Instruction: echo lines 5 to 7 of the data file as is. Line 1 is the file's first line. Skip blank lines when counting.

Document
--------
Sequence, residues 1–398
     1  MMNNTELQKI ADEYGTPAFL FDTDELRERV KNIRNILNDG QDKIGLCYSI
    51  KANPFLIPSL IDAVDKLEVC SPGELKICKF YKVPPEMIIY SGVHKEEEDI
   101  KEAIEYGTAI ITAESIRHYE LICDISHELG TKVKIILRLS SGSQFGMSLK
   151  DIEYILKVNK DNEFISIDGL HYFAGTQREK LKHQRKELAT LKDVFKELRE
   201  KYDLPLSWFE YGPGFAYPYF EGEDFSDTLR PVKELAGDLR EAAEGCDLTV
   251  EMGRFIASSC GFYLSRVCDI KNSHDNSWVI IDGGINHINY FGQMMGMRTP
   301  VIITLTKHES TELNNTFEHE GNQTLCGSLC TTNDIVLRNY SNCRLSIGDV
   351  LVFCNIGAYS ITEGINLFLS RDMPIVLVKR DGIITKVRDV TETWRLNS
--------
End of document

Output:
   151  DIEYILKVNK DNEFISIDGL HYFAGTQREK LKHQRKELAT LKDVFKELRE
   201  KYDLPLSWFE YGPGFAYPYF EGEDFSDTLR PVKELAGDLR EAAEGCDLTV
   251  EMGRFIASSC GFYLSRVCDI KNSHDNSWVI IDGGINHINY FGQMMGMRTP